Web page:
My father-in-law saw the problem with the V and called the tree expert.  Back in the 1980s, big-tree Vs were treated with steel rods, like those braces small children used to wear to keep their legs apart after hip surgery.  The locust didn’t seem to mind the rod and screws.  It wrapped its bark around them as if it knew it needed the support. The tree looked to be permanent – medical problem solved – and my mother-in-law, who never saw a square foot of earth without thinking of some growing thing perfect for the space, planted vinca at the base and let violets roam free.  In the greenery, she nestled a granite birdbath.  The area became the local hangout for birds perched on specialized feeders stocked with gourmet seed.  A small pair of binoculars and a copy of The Guide to North American Birds sat on the kitchen sill in case new bird flew in for supper.   The upside-down nuthatches took an instant liking to the bark.

The workmen unpack their surgical tools.

Until today, the steel rod’s been a perch for the local covey of doves that share our yard.  The brace can serve a dozen or so when, late in the afternoon, they gather on the rod high above the birdbath, chased there by the raucous jays, but contemplating a cool dip.  When sufficient in number, they drop to the vinca, hop up onto the stone birdbath, and begin the evening ritual of dousing and flapping, dousing and flapping.  They’re good about taking turns.

Me, I’m a worrywart. I checked the trajectory of the eastern leg of the V when we moved into the house up on the hill.  It’s not that my glass is half-full.  Rather, it’s that I like to consider all the possibilities as if checking the V and the rod after an ice storm or nor’easter might be helpful.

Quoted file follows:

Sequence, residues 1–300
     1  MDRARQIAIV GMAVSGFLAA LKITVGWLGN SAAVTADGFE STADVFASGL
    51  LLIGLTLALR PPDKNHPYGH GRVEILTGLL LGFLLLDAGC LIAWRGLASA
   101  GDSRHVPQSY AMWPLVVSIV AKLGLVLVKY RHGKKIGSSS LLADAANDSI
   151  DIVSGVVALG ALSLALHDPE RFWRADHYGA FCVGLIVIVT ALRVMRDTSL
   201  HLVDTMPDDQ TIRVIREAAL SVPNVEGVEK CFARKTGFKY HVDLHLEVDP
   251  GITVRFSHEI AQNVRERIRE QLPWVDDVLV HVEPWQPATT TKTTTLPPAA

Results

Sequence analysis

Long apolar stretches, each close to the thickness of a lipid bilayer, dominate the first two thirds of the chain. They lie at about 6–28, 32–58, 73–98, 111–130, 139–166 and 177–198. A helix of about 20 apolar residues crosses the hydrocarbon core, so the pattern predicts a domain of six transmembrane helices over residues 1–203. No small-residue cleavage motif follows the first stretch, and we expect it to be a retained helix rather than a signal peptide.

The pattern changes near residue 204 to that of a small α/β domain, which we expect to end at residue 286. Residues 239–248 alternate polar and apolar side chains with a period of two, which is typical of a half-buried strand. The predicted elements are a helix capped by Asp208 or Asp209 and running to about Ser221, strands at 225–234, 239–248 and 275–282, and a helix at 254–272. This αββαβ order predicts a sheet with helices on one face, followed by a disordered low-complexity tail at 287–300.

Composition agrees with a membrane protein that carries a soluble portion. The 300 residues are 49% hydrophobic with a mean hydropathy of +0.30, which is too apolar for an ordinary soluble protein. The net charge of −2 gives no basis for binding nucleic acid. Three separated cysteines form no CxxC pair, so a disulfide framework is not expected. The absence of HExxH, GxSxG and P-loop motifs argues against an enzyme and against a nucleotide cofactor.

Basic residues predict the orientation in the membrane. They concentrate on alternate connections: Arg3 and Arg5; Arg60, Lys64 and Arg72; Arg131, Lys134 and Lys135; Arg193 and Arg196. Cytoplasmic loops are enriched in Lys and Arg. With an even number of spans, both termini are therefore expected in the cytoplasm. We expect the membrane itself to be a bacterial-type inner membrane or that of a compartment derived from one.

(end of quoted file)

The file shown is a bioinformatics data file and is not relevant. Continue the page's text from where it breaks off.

“If that rod goes in the night,” I said to my husband, “we’re dead in our bed.”

When Hurricane Irene approached, I asked him, “Should we sleep in the guest room?”  The other side of the house seemed safer to me.

No.

No?

No.

I watched the Weather Channel for wind speed.  Then I paid the tree a visit.  But what do I know about tree crotches?

Daddy watched the hurricanes too.  Hurricane Hazel, who blew her bitchiness right over our house back in 1954, arrived at sunset, howled all night, took down several of Daddy’s long-leafed pines, and damaged others.  He was just sick about them.  Mama was less concerned – she liked more light in the house – and my brother, who had to mow around every tree, appreciated fewer interruptions on the lawn.  What I think is that Daddy wasn’t so worried about the pines as he was about the house, and he wasn’t so worried about the house as he was about the apple and peach trees.

Today, I know that it was Hurricane Irene who finally defeated the locust.  Fully leafed out and heavy with rain, the crotch gave way.  The next day, we found a deep crack running from the bottom of the V down into the heartwood beneath.  We called Timber Tree.

The workmen unloaded their surgical tools.  I watch from the kitchen.  The chainsaw begins to buzz.  It will buzz all day and into evening. First the lacey canopy, which the crane lifted up and out and over the woods and down.  Balanced on rope, still alive, still green, it offered dappled shade even as it traveled its high trajectory to the brush pile.  The cherry picker reached up; the crane reached even higher.  Workmen were everywhere with ropes, pulleys, saws. They were quiet men, sharing a small job vocabulary in English and Spanish and Hmong:

“Further out.”

“One more wrap.”

“Heads up.”

“Take that one next.”

Then much later, the legs of the Vs themselves, further down, closer to the heart.  Sawed off mid-thigh, lifted by crane, they resembled amputated limbs aloft.

That part I couldn’t watch.

Branches lay in the yard.  And logs.  Too many to count.  The tree men will come tomorrow to grind the stump.

There’s more light in the kitchen now, and the side yard has opened up.  We’re thinking of a river birch if anything at all.  Last week, a dove sat on the tuft of vinca, looking for the birdbath.